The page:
Honolulu Star-Bulletin from Honolulu, Hawaii on August 4, 2008 · 33
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Honolulu Star-Bulletin from Honolulu, Hawaii · 33

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Honolulu, Hawaii
Issue Date:
Monday, August 4, 2008
Page:
33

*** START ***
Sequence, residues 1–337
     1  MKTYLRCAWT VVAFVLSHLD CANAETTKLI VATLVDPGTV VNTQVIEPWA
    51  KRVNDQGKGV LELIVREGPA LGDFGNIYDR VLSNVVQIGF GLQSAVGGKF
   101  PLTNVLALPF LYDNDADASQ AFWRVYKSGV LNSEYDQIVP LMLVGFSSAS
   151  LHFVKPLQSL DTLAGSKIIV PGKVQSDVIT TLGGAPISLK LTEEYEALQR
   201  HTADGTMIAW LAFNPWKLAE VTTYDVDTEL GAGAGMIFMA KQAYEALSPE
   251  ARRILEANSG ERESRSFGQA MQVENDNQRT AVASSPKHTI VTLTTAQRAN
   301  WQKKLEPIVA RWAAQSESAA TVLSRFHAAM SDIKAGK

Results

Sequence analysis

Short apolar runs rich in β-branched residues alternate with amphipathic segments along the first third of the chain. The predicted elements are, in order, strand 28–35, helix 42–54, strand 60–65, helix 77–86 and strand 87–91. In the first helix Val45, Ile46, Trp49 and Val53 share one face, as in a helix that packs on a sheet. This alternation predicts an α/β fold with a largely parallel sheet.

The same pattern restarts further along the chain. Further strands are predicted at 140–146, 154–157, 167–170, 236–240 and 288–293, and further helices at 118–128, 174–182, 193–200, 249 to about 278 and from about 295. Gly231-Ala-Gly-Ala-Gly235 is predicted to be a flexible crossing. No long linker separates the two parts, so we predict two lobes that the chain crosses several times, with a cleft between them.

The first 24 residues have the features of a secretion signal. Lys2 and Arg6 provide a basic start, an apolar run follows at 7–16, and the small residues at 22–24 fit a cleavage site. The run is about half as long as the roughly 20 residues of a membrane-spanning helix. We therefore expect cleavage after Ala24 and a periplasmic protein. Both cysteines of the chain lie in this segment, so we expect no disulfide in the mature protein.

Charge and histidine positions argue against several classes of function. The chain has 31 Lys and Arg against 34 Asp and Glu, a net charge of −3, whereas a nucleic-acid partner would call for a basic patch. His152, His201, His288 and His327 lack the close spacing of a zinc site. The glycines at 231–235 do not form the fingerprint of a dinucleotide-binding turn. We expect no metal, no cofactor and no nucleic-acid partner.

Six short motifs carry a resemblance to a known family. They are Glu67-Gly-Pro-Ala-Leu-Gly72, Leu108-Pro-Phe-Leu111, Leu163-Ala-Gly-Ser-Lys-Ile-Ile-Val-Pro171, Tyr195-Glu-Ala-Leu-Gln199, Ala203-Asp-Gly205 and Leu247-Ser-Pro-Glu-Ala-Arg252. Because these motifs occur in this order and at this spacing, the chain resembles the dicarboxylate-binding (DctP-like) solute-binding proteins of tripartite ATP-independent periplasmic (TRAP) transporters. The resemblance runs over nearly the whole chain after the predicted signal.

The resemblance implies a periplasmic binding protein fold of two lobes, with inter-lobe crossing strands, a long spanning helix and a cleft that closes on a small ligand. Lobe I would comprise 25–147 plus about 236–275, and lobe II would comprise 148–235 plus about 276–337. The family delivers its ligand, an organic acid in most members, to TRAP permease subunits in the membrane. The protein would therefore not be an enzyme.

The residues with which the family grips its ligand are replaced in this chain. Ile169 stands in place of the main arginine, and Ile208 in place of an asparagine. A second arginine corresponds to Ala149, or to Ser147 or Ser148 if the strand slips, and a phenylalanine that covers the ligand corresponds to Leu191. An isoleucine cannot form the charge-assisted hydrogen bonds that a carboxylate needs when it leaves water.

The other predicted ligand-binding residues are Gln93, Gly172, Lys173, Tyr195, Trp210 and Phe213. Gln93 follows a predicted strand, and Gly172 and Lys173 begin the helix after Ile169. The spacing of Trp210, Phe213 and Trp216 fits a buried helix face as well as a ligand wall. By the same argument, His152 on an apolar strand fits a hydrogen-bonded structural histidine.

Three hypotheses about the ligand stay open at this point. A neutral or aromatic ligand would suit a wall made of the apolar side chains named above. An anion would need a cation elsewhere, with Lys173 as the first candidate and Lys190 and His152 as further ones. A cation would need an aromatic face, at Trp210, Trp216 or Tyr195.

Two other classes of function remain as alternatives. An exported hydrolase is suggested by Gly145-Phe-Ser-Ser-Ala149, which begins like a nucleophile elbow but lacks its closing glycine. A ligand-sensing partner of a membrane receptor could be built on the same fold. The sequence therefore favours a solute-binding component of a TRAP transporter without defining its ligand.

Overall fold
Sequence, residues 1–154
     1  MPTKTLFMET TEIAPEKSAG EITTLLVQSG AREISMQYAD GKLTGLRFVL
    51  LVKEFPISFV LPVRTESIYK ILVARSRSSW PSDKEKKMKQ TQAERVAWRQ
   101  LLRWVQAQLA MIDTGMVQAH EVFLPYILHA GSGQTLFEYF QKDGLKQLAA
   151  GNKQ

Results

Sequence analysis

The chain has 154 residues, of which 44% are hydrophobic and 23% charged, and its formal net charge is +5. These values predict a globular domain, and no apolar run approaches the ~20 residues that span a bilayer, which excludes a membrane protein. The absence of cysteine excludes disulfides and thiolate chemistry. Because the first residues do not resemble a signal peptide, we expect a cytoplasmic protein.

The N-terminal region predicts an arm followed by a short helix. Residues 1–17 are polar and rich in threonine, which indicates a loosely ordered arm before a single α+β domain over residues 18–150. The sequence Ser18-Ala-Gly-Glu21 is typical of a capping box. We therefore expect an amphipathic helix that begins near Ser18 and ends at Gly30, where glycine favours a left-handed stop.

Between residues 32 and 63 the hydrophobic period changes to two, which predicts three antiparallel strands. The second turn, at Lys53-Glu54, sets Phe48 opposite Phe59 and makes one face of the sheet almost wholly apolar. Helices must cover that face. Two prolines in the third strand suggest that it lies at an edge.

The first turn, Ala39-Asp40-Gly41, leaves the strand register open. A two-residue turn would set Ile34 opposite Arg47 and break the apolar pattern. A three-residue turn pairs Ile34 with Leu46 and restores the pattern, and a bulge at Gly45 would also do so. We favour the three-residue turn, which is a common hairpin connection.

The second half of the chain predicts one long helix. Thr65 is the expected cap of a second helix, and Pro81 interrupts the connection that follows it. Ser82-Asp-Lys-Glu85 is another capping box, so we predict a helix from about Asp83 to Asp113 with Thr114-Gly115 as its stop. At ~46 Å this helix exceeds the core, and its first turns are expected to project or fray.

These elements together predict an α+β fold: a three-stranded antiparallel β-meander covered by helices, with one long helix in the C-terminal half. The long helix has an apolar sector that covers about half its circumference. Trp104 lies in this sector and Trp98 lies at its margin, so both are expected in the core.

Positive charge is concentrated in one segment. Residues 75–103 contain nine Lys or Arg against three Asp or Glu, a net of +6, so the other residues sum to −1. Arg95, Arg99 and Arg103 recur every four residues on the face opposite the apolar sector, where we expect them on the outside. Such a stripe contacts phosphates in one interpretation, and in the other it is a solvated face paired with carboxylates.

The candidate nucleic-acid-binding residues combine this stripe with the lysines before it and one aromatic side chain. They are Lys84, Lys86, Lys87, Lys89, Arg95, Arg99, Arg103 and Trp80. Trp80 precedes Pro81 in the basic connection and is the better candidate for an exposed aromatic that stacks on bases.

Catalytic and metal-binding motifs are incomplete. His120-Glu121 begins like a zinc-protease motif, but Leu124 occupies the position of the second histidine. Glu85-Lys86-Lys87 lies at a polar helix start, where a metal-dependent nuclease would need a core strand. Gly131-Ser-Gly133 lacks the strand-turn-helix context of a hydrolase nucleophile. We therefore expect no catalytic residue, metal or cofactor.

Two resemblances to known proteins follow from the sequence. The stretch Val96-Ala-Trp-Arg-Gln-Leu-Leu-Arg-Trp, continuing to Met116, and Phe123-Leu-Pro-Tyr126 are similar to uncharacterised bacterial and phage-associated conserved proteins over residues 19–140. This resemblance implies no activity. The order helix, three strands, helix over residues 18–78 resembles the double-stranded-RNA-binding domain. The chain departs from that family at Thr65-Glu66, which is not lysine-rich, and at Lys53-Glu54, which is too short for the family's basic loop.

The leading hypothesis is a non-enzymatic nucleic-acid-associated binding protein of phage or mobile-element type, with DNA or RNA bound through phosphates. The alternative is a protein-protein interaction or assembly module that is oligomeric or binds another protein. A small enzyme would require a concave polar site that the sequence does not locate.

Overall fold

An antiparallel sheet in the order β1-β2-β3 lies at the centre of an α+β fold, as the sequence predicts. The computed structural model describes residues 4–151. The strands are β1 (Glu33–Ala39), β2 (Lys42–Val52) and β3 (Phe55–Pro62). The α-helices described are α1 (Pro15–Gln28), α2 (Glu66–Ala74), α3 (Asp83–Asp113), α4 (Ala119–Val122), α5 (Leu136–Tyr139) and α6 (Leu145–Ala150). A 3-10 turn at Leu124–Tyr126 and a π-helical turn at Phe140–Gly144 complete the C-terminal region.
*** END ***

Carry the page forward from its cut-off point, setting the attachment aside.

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A I'T t j 'n Vx rt A Hh A IT - ' in n i TirTrrTrtr'TiiirTTTiifMrt fcflj r - niiliiiiihiaMMBMMi w Star-Bulletin Monday, August 4, 2008 SECTION FEATURES EDITOR Betty Shimabukuro bettystarbulletin.com 524777 . . ' . , . COURTESY YUSUKE Y0K0I Yusuke Yokoi'8 blngata or stenciled designs, above are created using a traditional method that begins with creating a stencil on washl paper, below left, then applying a mochiko paste, followed by hand-painting, below right. f .,n;. l ... 1 ' " J, THE ART OF BINGATA Recent works by Yusuke Yokot On exhibit: Wednesday through Aug. 19 Place: Academy Art Center, 1111 Victoria St. Hours: 10 a.m. to 4 p.m. Tuesdays to Saturdays; 1 to 5 p.m. Sundays Call: 532-8741 Also: Yokol leads workshops In bingata textiles, 10 a.m. to 4 p.m. Saturday and Sunday. Cost is $130 per day. RELATED EVENTS "The Living' Textiles of Okinawa": Dance performance by Ukwanshln Okinawa Performing Arts Troupe, featuring ' Yokoi's costumes; 7 p.m. Saturday, Doris Duke Theatre, Honolulu Academy of Arts. Tickets are $20, $15 Academy members, $10 seniors, students free. Call 532-8700. "Loo Choo nu Kwa: Children of Loochoo": Ukwanshln dance troupe performs at 2 p.m. Aug. 24; Mamiya Theatre, Saint Louis School. Tickets are $25, $20 seniors and children. Call 5503457 or visit honolulubox-office.com. " li i i in textiles An artist crafts styles similar to traditional clothing worn in the Okinawan royal court By Joleen Oshlro . joshirostarbulletin.com When artisan Yusuke Yokoi sits down to create an Okinawan blngata, or stencil-dyed textile, his work embodies no less than the history and culture of Okinawa. Traditionally, Okinawan bingata was clothing literally fit for a king. Royal courts wore the kimono adorned with representations of nature, stenciled with dyes made of bark, berries and roots. But how many even knew that Okinawa was once a kingdom at all? This Is the precisely why artists like Yokol are so vital, says Eric Wada, artistic director of the Ukwanshln Okinawa Performing Arts Troupe, which is sponsoring Yokol in a visit to Hawaii. The artist will hold two bingata workshops at the Academy Art Center, and an exhibit at the center will showcase his works. "Many people think that Okinawans are only peasants and farmers. Bingata represents the lineage that Okinawa has," Wada says. Yokol employs a highly traditional style of creating bingata, which entails creating stencils from thick wash! paper coated with persimmon juice for a waterproof surface, applying a paste of mochiko flour, painting the fabric, drying it, rinsing it and repeating the process for each color. Yokoi also crafts his own brushes. The only aspect of modernity to seep into his work is the inclusion of chemical pigments, which allow the natural dyes to hold faster to the material. The process for one kimono takes about a month, at the cost of about $4,000. "1 give these (arti sans) credit for making It their livelihood," says Wada. "It's so time-consuming and expensive, you can't make money at it. You don't even know if you'll have another piece to work on the next month kimono are not in high demand anymore." To keep up with modern tastes and practice his craft regularly not to mention secure a steady paycheck Yokol spends much of his effort on wall hangings and modern street clothes such as )i .11- Yusuke Yokol blouses, dresses and scarves. He also creates traditional costumes for stage performance, as he has for Wada's troupe, which will be performing twice this month in his costumes. It's been a long road of dedication for Yokol, who took an interest in Okinawan bingata in 1978 after watching a Ryukyu (Okinawan) dance performance in Tokyo. He moved to Okinawa and sought out three families who had for eenera- tions created bingata for ine royai court, wnen they refused to teach him, he researched and studied whatever he could get his hands on: And he con tinued to revisit the families until the early 1980s, when one succumbed to his persistence. Yokol is excited to share his art with the Hawaii community for the same reason Wada promotes Okinawan culture. "The opportunity to watch bingata made by traditional technique is rare," Yokol said via e-mal. "Look and experience It and feel It. And I want you to enjoy It. Bingata is a splendid thing. The people of Okinawa that produce bingata want you to realize the splendor of the Ryukyu culture again." WHAT'S INSIDE FLASHBACK: Ron Cooper ; remarks on a long career on radio and TV. D2 rt rr . rt 3 PORTFOLIO: KCC exhibit lets artists explore. D7 . INSIDE Cel Shaded D2 People DS Get Your Game On ..... D3 Television D6 Science D4 Comics D8 BOX OFFICE TOP 1 0 The highest-grossing movies in North America this weekend, with estimated earnings: 1. "The Dark Knight" $43.8 million 2. "The Mummy: Tomb of the Dragon Emperor" $42.5 million 3. "Step Brothers" $16.3 million 4. "Mamma Mia!" $13.1 million 5. "Journey to the Center of the Earth" $6.9 million 6. "Swing Vote," $6.3 million 7. "Hancock" $5.2 million 8."WALL-E" $4.7 million 9. "The X-Files: I Want to Believe" $3.4 million 10. "Space Chimps" $2.8 million Source: Medic By Numben N ENTERTAINMENT "Wheel' watchers, take note: Ticket deadline is Friday "Wheel of Fortune" fans have until Saturday to apply for free tickets to see the show when It tapes at the Hilton Waikoloa Village next month. Tickets for the Sept. 12-16 tapings will be awarded by random drawing. To put your name in, visit khon2.com, download the ticket application and mail it in. Each applicant chosen will be entitled to four tickets, which will be mailed by Aug. 29. Star-Bulletin ? s it LlA; ,,v 1 DIGITAL SLOB CurtBrahdao Net novelties make horseplay epic spectacle As we began to address last week, Digital Slobs have an almost supernatural ability to combat the late-summer blahs. Actually, we treat goofing-off season like an Olympic event. We train year-rbund, hours and hours a day, just so when TV goes into reruns and politics spirals into Its deepest form of vacuous dementia, we'll be ready to salvage our sanity when it counts. We have the cunning, the specialized training and the motivation to defeat boredom, just like James Bond, minus his contractual obligation to go shirtless somewhere between the first and second acts (in fact, some of us have signed agreements that expressly forbid such displays). So here are a few more Web sites that can help you kill time before time kills you: Passiveaggressivenotes.co m: This site combines the timeless joy of complaining via notes on the fridge about your roommate's creative housekeeping with new, 21st-century tools like camera phones and a blog. It chronicles various examples of snotty complaints, and often -snottier retorts, painted with every sarcastic hue in our lexicon's spectrum. Example posted on a bulletin board: , "(Band) requires drummer tor regular gigging. Previous applicants may apply again. Except Graham." Another favorite from a coffee shop restroom: "The barista who cleans this rest-room also makes your coffee. Their mood determines the quality of your coffee. Thanks!" Consumeristcom: Face it, in these hard economic times, when it comes to customer satisfaction, some major service sectors are becoming emotional basket cases. At this point, if the airline Industry had a baby, Kevin Federline would be granted sole custody. Keeping ' that In mind, this blog, subtitled "Shoppers Bite Back," examines the woes of consumers and offers tools and strategies to stop the cycle of abuse. Dreammoods.com: Since i was a kid, I've had this recurring dream where a gorilla chases me around the living room while I try to protect a tuna sandwich. Thanks to this online dream dictionary, I now know the ape represents my "wild nature and repressed sexual energy," and the sandwich represents a conflict between my "spiritual beliefs and what Is practical," In this case my spiritual connections to tuna sandwiches versus my practical need to avoid gorillas. Sleep, dream, remember, then check out this Web site, and soon your life will suddenly make complete sense to you and only you but still, you. Smithmag.netslxwords: Sure, you could write your 80,000-word life story and try to hawk it to publishers or, even more humbling, lug the 6-pound manuscript around your network of acquaintances just to see who your real friends aren't, but why put on the literary performance of a lifetime only to play to an empty house? Abridge that tome and bring it to the masses. This site challenges the world's best summa-rizers to boil their whole lives down to just six words, and it is quite illuminating. Expect to read funny ones like, "English major. You do the math"; jarring ones like, "Little brother becomes my daughter's molester"; and my personal favorite (because It's mine), "Married Russian. Brush teeth with vodka." Reach Star-Bulletin columnist Curt Brandao and subscribe to the free "digitalslobpod" podcast atdigitalslobcom.